For a few hours this morning it was actually wind-free, sunny and humid and a real joy to walk round without needing a coat or heavy jumper. With a colder and wet weekend forecast it will be a short-lived rare occurrence but any rain will be welcome on the parched ground.
Not only did the sunny conditions brighten up the reserve but the reflection from this rape field on the neighbouring farmland also added to the colour of the morning.
As did this male Yellow Wagtail, one of several newly arrived from their winter quarters in South Africa. We currently have 4-5 pairs on the reserve and if they all stay to breed it will be the most for several years.
The breeding season on the reserve is finally beginning to catch up after it's late start and a few days ago I came across this lovely brood of Mallard ducklings in a ditch. Several broods of Greylag Geese goslings are also in the seawall fleet and so the wildfowl appear to be leading the way in the successful breeding stakes.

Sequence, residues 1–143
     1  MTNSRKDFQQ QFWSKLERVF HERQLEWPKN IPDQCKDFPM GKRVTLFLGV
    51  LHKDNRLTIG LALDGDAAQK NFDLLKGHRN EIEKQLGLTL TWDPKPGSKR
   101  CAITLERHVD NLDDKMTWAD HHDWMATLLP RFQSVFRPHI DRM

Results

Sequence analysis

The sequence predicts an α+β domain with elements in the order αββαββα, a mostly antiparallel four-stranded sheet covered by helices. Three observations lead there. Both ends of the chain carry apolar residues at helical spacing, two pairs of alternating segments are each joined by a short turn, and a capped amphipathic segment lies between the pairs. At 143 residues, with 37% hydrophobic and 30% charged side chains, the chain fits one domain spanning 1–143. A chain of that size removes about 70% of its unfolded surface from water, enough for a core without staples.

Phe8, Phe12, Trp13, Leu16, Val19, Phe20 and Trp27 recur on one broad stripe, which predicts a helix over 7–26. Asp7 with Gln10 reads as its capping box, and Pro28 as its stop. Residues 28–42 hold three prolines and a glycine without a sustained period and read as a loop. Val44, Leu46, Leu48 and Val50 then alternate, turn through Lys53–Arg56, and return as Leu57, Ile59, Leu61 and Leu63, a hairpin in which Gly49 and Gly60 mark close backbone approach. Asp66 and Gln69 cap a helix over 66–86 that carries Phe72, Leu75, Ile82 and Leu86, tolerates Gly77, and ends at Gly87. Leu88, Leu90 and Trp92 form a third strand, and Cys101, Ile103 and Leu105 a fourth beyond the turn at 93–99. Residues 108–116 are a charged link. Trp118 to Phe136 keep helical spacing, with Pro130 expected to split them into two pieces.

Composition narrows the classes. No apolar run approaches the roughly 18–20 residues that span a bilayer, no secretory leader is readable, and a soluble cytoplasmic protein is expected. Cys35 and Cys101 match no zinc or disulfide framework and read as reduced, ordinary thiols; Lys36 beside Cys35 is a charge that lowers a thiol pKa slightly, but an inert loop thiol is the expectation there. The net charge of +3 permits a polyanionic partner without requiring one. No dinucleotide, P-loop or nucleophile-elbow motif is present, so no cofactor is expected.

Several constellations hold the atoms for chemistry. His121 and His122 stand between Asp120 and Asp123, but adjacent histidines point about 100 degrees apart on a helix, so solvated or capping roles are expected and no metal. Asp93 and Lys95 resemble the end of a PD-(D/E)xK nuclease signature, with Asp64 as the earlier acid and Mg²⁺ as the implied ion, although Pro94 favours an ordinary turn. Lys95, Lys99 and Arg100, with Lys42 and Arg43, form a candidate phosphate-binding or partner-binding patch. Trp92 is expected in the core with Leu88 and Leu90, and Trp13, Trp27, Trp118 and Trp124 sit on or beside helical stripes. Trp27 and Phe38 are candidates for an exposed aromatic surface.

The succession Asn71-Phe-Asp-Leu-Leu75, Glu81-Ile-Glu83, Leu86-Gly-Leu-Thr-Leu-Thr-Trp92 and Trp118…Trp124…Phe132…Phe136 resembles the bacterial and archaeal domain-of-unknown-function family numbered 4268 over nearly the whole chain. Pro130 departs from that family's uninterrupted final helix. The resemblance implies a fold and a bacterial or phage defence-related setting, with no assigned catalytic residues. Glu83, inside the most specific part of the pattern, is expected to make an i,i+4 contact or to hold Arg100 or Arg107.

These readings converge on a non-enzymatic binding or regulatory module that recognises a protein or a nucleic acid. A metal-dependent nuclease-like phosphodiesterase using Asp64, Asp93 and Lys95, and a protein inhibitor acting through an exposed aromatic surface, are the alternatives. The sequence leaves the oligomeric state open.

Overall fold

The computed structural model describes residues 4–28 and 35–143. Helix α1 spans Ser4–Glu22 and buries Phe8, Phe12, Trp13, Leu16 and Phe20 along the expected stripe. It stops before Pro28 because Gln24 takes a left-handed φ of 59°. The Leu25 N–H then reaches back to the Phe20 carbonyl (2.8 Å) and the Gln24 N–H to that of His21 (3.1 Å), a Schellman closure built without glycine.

Likewise the Coots, I have found seven nests so far this last week.
Hopefully the big success that we have been having in recent weeks with crow trapping will ensure that these rather vulnerable eggs will be left alone, in recent years whole clutches of eggs have been eaten by crows over a couple of days.
The Avocets are also busy in The Flood and will also welcome the fact that there are less crows and foxes on the reserve so far.
Finally, the first Reed Warblers have now arrived and are doing their best to out sing the rather noisier Sedge Warblers in the reed beds. Spring is finally taking off and to emphasise that fact I had an Orange Tip and a Small Copper butterfly along one of the reserve paths - great stuff.